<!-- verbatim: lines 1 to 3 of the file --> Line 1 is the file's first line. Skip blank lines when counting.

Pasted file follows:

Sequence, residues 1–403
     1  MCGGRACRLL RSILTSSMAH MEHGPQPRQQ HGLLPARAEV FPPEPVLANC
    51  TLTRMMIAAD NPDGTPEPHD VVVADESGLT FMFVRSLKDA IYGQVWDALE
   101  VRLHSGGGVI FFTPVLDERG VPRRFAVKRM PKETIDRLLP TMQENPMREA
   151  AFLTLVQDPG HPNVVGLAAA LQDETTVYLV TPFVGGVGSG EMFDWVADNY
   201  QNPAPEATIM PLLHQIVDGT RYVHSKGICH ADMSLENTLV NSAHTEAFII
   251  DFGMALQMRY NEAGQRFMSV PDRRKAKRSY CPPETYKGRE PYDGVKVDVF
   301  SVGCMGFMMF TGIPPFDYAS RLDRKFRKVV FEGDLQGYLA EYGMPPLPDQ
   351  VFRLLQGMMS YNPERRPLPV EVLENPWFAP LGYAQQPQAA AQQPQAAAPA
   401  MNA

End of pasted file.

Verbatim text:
Sequence, residues 1–403
     1  MCGGRACRLL RSILTSSMAH MEHGPQPRQQ HGLLPARAEV FPPEPVLANC
    51  TLTRMMIAAD NPDGTPEPHD VVVADESGLT FMFVRSLKDA IYGQVWDALE